- Journal of Psychosocial Nursing and Mental Health Services
- May 2012 - Volume 50 · Issue 5: 28-34
Specific efforts by hospital accreditation organizations encourage renovation of nursing stations, so nurses can better see, attend, and care for their patients. The purpose of this study was to examine the effect of nursing station design on the therapeutic milieu in an adult acute care psychiatric unit. A repeated cross-sectional, pretest-posttest design was used. Data were collected from a convenience sample of 81 patients and 25 nursing staff members who completed the Ward Atmosphere Scale. Pretest data were collected when the unit had an enclosed nursing station, and posttest data were collected after renovations to the unit created an open nursing station. No statistically significant differences were found in patient or staff perceptions of the therapeutic milieu. No increase in aggression toward staff was found, given patients’ ease of access to the nursing station. More research is needed about the impact of unit design in acute care psychiatric settings.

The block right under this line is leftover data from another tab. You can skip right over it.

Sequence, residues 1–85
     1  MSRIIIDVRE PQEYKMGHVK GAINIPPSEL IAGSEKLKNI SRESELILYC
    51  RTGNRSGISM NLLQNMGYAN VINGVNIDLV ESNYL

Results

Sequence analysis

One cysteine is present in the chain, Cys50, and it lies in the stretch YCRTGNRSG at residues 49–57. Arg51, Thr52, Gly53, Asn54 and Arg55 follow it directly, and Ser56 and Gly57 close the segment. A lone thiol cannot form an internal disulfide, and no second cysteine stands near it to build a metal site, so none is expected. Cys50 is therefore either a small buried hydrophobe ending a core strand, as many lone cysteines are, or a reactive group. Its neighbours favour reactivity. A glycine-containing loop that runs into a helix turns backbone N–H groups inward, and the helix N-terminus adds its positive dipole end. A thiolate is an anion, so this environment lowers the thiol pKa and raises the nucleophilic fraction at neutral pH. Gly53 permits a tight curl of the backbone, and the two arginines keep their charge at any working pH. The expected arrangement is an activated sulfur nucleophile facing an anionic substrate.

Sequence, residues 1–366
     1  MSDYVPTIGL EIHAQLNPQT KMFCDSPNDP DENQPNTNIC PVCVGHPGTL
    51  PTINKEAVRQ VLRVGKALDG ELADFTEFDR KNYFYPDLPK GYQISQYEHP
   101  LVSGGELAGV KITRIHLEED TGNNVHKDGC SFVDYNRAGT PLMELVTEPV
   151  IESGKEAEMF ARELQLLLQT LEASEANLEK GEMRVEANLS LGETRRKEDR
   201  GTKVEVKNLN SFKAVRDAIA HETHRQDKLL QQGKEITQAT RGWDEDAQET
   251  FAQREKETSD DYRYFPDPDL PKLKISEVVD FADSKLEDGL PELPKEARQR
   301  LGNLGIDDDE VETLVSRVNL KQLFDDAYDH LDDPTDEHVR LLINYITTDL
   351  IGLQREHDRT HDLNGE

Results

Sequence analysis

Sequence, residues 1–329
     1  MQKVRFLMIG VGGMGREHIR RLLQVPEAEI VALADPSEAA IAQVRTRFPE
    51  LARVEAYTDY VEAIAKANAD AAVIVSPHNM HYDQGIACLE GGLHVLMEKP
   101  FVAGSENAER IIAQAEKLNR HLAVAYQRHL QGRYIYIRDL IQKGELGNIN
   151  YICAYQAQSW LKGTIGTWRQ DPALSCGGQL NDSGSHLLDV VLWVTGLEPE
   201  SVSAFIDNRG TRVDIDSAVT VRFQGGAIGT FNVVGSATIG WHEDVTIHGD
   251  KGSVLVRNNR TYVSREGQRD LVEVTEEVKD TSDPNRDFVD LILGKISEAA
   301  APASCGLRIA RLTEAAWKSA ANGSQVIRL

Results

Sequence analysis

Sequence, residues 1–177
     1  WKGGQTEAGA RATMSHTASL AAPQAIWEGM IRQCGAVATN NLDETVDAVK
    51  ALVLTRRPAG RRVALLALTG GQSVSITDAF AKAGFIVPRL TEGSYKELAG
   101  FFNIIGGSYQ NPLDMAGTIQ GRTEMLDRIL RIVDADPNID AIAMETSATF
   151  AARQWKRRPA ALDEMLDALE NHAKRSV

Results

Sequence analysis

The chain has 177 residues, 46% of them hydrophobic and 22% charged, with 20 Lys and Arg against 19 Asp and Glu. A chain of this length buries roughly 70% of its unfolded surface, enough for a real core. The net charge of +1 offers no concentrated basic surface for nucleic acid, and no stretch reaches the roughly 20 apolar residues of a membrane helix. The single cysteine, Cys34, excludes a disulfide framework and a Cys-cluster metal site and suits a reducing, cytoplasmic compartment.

Ms. Southard is Quality Outcomes Coordinator, and Ms. Judge is RN III, Cone Behavioral Health Hospital, Ms. Jarrell is RN II, Moses H. Cone Memorial Hospital, Mr. McCoy is Statistician and Visiting Assistant Professor, School of Nursing and Department of Educational Research Methodology, and Dr. Bartlett is Associate Professor, School of Nursing, University of North Carolina at Greensboro, Greensboro North Carolina. Dr. Shattell is Associate Professor, DePaul University, School of Nursing, Chi-cago, Illinois. At the time the study was conducted, Ms. Jarrell was a student in the School of Nursing, University of North Carolina at Greensboro.
The authors disclose that they have no significant financial interests in any product or class of products discussed directly or indirectly in this activity, including research support.
Address correspondence to Mona M. Shattell, PhD, RN, Associate Professor, DePaul University, School of Nursing, 990 W. Fullerton Avenue, #2302, Chicago, IL 60614; e-mail: firstname.lastname@example.org.
Received: November 22, 2011
Accepted: March 22, 2012
Posted: April 25, 2012